Fernando J. Meza, DMD, PLLC

H. Vivian Lee, DDS 

Loken M. Patel, DMD


 

P R A C T I C E   L I M I T E D   T O   E N D O D O N T I C S

 

 

 

 

703.370.1327

 

Alexandria Professional Center

4660 Kenmore Ave. Suite 700

Alexandria, VA  22304

 

You may find more information in our Frequently Asked Questions page.

Do you know....

Root Canal treatment doesn't cause pain, it relieves it!

Today Root Canal treatments are painless thank to the use of new technologies and anesthetics.

Extraction is not an alternative to root canal treatment.  When a tooth is missing, the other teeth become loose and with more risk of bite and chewing problems, this is why dentists usually will recommend placing an implant in the space left.
















Procedures


  • Diagnosis
  • Root Canal Therapy
  • Endodontic Retreatment
  • Endodontic Surgery (Apicoectomy)
  • Cracked Teeth
  • Dental Injuries


-- 

 

Diagnosis


Diagnosis is done during the first visit and consist of the examination of the tooth an surrounding tissues where you are experiencing pain or discomfort.  Diagnosis of an endodontic problem involves testing the tooth for sensitivity to cold and hot, tapping on the tooth, and taking appropriate radiographs.  Some tooth pain is not severe enough to require a root canal, in which case you may be asked to return for another evaluation or be referred back to your general dentist with a recommendation for treatment. Occasionally, a patient may have diffuse pain in an area that is not attribute to a tooth (non-odontogenic). In these cases, symptoms may be coming from a nearby structure such as the sinus, muscles of mastication, or temporomandibular joint (TMJ).  Your endodontist is able to differentiate between pain from a tooth (odontogenic) versus non-odotogenic pain, and will make the appropriate referral to a pain management specialist if needed.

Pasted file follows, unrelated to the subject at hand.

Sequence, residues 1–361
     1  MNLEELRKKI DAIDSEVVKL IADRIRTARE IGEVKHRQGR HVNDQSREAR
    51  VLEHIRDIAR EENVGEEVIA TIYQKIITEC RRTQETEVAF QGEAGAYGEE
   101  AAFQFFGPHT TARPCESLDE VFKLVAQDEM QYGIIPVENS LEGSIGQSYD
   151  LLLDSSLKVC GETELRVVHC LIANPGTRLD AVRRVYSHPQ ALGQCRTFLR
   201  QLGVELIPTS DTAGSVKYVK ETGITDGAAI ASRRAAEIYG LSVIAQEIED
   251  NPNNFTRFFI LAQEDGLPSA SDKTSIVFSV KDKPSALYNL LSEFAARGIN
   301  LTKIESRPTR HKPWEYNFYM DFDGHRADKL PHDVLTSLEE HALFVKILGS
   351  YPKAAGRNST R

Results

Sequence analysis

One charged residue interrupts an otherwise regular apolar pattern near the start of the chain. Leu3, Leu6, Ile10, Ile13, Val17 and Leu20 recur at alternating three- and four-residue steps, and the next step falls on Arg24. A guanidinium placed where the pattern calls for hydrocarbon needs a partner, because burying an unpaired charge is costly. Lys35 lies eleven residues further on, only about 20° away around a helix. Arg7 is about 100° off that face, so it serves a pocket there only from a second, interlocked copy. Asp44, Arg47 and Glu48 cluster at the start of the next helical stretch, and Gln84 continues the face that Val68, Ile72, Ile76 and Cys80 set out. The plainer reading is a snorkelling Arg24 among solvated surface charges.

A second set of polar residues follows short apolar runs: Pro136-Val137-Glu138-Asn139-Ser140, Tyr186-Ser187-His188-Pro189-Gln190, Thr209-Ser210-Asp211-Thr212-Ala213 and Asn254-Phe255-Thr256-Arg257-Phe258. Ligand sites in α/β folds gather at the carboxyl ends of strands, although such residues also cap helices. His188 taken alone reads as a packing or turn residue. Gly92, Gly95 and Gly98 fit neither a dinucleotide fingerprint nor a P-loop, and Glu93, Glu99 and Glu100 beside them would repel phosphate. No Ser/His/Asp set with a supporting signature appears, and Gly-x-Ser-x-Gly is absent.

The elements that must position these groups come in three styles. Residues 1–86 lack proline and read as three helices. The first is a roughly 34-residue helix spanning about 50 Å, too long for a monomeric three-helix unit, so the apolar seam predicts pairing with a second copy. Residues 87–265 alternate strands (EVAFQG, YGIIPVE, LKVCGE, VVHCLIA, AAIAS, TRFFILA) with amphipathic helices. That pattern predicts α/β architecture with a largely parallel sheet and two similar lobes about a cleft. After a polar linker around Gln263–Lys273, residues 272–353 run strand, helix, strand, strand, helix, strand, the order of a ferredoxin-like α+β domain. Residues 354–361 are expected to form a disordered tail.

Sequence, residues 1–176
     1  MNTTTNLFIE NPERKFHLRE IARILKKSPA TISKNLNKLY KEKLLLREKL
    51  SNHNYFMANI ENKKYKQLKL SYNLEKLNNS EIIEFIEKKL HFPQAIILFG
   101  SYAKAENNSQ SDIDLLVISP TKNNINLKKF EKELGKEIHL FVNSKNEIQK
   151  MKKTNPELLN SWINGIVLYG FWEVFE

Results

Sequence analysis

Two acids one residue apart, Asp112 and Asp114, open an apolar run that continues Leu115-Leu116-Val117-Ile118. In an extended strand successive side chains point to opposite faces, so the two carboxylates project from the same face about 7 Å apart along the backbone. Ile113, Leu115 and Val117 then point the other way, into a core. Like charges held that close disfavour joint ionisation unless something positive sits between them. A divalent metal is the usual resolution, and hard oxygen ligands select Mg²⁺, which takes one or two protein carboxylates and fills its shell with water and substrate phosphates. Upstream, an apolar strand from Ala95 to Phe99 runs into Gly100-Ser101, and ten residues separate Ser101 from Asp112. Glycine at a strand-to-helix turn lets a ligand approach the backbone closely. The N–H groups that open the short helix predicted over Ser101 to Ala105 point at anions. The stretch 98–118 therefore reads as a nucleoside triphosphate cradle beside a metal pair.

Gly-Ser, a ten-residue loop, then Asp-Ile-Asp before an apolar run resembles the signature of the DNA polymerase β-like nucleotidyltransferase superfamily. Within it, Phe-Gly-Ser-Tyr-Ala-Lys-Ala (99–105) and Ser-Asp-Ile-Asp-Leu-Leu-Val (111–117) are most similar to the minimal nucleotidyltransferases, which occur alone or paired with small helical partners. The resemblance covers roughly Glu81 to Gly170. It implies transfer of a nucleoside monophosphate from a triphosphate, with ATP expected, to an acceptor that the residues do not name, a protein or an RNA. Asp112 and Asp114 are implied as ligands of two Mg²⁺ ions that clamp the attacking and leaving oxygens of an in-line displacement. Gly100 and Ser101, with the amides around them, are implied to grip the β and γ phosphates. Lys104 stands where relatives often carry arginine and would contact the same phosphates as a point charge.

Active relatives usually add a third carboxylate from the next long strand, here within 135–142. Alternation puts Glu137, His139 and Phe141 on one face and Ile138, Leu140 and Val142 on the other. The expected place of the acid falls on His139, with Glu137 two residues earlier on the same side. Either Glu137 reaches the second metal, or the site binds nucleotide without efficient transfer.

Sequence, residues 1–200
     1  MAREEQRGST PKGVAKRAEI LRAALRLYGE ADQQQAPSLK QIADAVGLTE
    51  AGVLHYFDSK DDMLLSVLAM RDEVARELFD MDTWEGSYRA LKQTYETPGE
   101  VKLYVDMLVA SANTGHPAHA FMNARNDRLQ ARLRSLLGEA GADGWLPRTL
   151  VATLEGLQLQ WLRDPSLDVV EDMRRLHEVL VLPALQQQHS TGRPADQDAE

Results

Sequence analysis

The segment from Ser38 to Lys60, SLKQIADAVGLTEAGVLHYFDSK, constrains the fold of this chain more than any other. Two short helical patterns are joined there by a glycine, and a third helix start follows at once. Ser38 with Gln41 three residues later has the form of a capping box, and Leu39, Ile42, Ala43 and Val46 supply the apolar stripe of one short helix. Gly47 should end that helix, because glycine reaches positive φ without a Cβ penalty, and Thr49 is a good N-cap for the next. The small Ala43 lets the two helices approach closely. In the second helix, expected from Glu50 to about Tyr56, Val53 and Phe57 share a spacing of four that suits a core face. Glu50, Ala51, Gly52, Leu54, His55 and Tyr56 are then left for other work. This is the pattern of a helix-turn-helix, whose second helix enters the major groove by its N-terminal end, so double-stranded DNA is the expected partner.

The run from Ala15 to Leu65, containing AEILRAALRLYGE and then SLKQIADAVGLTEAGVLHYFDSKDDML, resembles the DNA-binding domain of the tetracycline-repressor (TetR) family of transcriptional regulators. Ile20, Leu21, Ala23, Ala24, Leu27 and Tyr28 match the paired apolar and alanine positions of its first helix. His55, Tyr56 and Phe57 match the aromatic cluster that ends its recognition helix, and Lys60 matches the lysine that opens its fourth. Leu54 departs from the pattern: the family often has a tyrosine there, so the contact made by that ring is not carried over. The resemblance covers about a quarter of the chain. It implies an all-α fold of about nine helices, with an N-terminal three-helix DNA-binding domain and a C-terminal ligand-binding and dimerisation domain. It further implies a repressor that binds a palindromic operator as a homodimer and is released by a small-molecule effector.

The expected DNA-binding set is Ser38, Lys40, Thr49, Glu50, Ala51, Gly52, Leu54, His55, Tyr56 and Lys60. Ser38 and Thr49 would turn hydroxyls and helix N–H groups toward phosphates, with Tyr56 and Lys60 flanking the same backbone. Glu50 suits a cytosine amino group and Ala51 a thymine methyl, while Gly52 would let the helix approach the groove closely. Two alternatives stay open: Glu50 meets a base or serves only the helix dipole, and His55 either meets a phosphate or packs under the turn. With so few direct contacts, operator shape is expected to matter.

--


Root Canal Therapy


Root canal treatment is needed when the soft tissue inside the root of a tooth, known as the pulp experiences inflammation or infection. Inflammation or infection can occur as a result of several things, including severe decay, repeated dental procedures, trauma, or the presence of a chip or crack.  Often this injury occurs without any symptoms, however, if the tooth remains untreated, pain or sensitivity may occur and an abscess could develop.


Symptoms

  • You may experience the following symptoms prior to needing root canal therapy:
  • Persistent throbbing, sensitivity to hot and/or cold
  • Pain which may wake you in the middle of the night
  • Pain which radiates to your upper or lower jaw, ear, or side of face 
  • Tooth discoloration
  • Sensitivity to chewing and touch
  • Infection, drainage and sensitivity in the lymph nodes, nearby bone and gum tissues

Sometimes, however, you may not experience any symptoms but still be in need of endodontic treatment


Treatment